Current and emerging Department of Defense (DoD) capabilities rely upon access to a number of critical, high-value molecules that are often prohibitively expensive, unable to be domestically sourced, and/or impossible to manufacture using traditional synthetic approaches. DARPA’s Living Foundries program aims to enable adaptable, scalable, and on-demand production of such molecules by programming the fundamental metabolic processes of biological systems to generate a vast number of complex molecules that are not otherwise accessible. Through Living Foundries, DARPA is transforming synthetic biomanufacturing into a predictable engineering practice supportive of a broad range of national security objectives.
The program includes two components: 1) Living Foundries: Advanced Tools and Capabilities for Generalizable Platforms (ATCG), and 2) Living Foundries: 1000 Molecules. The first component, Living Foundries: ATCG, completed successfully. It focused on the development of next-generation tools and technologies for engineering biological systems with the goal of compressing the biological design-build-test-learn cycle by at least ten times in both time and cost, while increasing the complexity of systems that are created. Technical areas of interest included design and automation tools, modular genetic parts and devices, standardized test platforms and chassis, tools for rapid physical construction of biological systems, editing and manipulation of genetic designs, and new characterization and debugging tools for synthetic biological networks.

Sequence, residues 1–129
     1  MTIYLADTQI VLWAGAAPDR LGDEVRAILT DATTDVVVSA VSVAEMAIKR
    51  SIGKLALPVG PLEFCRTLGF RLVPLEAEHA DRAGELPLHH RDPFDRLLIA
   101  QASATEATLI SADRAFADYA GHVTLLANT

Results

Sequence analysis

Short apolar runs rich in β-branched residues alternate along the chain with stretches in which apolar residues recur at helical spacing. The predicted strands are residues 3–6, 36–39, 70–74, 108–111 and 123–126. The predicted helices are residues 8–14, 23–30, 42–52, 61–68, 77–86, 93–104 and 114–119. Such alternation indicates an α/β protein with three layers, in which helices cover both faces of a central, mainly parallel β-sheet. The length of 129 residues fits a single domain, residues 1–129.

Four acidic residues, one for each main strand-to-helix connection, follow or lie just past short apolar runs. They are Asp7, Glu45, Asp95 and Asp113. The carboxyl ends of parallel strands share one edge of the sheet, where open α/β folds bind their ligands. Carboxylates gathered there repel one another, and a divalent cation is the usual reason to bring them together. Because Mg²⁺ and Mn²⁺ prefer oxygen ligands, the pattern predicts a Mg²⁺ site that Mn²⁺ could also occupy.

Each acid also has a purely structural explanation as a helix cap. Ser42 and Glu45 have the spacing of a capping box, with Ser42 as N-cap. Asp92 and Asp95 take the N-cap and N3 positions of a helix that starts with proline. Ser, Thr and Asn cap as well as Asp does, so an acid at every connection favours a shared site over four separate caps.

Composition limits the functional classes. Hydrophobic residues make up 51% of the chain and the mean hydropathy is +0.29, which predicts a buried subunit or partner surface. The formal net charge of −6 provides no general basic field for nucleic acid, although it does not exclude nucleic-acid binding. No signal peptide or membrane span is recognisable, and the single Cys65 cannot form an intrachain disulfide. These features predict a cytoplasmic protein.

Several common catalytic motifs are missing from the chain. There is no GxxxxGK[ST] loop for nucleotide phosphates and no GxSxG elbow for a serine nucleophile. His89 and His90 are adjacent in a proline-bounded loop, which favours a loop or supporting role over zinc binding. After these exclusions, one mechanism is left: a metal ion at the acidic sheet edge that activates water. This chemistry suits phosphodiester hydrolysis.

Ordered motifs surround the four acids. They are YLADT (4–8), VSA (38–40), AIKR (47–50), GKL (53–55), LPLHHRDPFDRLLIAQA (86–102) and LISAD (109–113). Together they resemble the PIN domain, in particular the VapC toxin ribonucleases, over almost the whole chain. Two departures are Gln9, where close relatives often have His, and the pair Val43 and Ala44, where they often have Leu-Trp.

The ongoing Living Foundries: 1000 Molecules component seeks to further refine this initial capability to significantly decrease the cost, improve the scalability, and expand the complexity of engineered systems for biomanufacturing. Efforts are focused on using automation, novel genome editing tools, and machine learning technologies to alleviate the challenges of prototyping. As a proof of concept, DARPA aims to produce 1,000 molecules and material precursors spanning a wide range of defense-relevant applications including industrial chemicals, pharmaceuticals, coatings, and adhesives that can be customized to continuously evolving DoD needs while ensuring continued leadership of the United States in the rapidly evolving field of synthetic biology.
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